Stories of Women of Color in STEM: Robin Kumoluyi

Robin Kumoluyi in front of a light blue, hazy background.Robin Kumoluyi dreamed of becoming a scientist long before she stepped into a laboratory. She grew up in New Jersey with a lot of curiosity. This curiosity about her environment sparked her interest in the world. She began to ask how the things around her worked. This inquisitive nature led her to do some of her first science experiments before she was a teenager. “My neighbors had a lilac tree in their yard, and I kept smelling this wonderful aroma,” Robin said. “I decided it was a good idea to climb the fence, go into their yard, pick flowers, and try to figure out how to make water that smelled like those flowers.” “I traded dolls for a miniature microscope when I was about nine years old,” Robin said.

The microscope was a birthday present. She used it to explore the world around her. “I wasn’t interested in dolls, I was interested in the world,” she explained. Robin began to learn about microbiology in high school. She had a mentor who worked in the field. Microbiologists study living organisms that are too small to be seen with the naked eye, like bacteria. Time spent in the lab with her mentor deepened her interest in science. Robin also became an avid reader. “Being able to see a microbiologist who looked like me, an African-American, in real life, was fabulous,” she said. Knowing someone like herself fueled Robin. She pursued biology at Rutgers University. She planned to become a doctor. Then Robin fell in love with her microbiology classes. She decided to shift her career interests to microbiology.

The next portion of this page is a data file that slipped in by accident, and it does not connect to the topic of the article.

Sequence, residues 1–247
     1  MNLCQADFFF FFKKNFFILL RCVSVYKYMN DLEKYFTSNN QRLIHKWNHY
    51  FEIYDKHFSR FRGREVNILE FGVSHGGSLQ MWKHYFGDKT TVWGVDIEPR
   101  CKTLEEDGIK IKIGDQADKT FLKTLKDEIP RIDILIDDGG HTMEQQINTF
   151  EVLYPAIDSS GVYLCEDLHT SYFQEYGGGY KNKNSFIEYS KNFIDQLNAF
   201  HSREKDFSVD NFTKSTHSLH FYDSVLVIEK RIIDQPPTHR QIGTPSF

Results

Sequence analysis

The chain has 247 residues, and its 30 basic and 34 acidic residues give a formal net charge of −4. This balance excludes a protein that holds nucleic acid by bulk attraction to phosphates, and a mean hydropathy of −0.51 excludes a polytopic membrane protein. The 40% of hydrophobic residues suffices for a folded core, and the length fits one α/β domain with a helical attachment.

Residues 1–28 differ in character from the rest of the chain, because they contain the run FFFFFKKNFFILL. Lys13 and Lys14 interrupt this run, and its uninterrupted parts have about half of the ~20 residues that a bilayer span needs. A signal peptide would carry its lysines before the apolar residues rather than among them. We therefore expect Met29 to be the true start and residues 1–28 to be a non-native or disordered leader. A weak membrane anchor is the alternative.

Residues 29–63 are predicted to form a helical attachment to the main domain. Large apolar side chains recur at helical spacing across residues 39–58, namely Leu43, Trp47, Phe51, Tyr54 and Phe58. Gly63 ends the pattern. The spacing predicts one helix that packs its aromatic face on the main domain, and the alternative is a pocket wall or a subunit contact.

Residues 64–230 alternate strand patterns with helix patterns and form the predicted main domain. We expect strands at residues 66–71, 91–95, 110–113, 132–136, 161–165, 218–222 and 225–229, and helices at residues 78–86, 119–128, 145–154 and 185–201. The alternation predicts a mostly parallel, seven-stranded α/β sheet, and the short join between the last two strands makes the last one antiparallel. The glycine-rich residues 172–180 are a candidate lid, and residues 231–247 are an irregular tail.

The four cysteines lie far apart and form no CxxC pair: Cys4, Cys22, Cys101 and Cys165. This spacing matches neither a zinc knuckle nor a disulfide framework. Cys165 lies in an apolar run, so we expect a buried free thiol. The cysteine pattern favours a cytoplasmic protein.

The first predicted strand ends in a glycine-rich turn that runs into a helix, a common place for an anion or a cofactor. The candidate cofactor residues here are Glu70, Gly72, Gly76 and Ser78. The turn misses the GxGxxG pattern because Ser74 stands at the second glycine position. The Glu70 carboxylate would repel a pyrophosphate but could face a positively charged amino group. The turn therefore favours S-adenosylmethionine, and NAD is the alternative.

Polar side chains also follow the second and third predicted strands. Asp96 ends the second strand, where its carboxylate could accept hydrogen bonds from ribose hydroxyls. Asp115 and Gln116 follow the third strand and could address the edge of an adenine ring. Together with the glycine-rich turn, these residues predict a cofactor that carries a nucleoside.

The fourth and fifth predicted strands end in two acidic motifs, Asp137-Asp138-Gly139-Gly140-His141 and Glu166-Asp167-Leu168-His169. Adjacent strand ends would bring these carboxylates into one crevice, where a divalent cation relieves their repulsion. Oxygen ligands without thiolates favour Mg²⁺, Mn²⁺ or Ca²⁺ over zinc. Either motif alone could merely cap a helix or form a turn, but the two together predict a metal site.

“Being able to see a microbiologist who looked like me, an African-American, in real life, was fabulous”

Through her classes, she became fascinated by the process that uses microorganisms to make foods and medicines. Running her first PCR (polymerase chain reaction) test merged Robin’s course work and interests. PCR tests amplify pieces of DNA. They are used to study genetic material. “Seeing something that you learn in school actually being applied in real life was fascinating to me,” she said. These real-life uses inspired Robin to support people’s health through medicine. Robin’s grandmother struggled with diabetes. Seeing that inspired Robin to focus on developing quality and accessible medicine. She wanted to help people enjoy their lives. Robin is now the Vice President and Chief Quality Officer, Pharmaceuticals, at Johnson & Johnson. In her role, she makes sure that the medicine her team creates is safe and effective for patients to use.

A young Robin Kumoluyi in a white coat, working in the laboratory.

“For me, it’s more about caring about people than it is about medicine,” she said. “I found that this was a way to care about people and support them on life’s journey by giving them something that made them strong and well.” Robin’s goal of helping others with their health grew during the COVID-19 pandemic. She became committed to tackling health care inequities. “I was extremely moved and motivated by the level of health care disparities uncovered during the COVID-19 pandemic,” she said. “We always knew that health care disparities were there, but the pandemic really highlighted them to a point of unbelief.”

“For me, it’s more about caring about people than it is about medicine”

Robin and her team helped in delivering Johnson & Johnson’s COVID-19 vaccine to patients around the world. She described the moment as “a once-in-alifetime opportunity that will impact the world.” Robin hopes to continue to develop quality medicines, fight health care inequities, and mentor young people who are interested in science.

Meet more remarkable women in STEM through our e-book series available here, and stay tuned throughout February as we spotlight more African American innovators during Black History Month.

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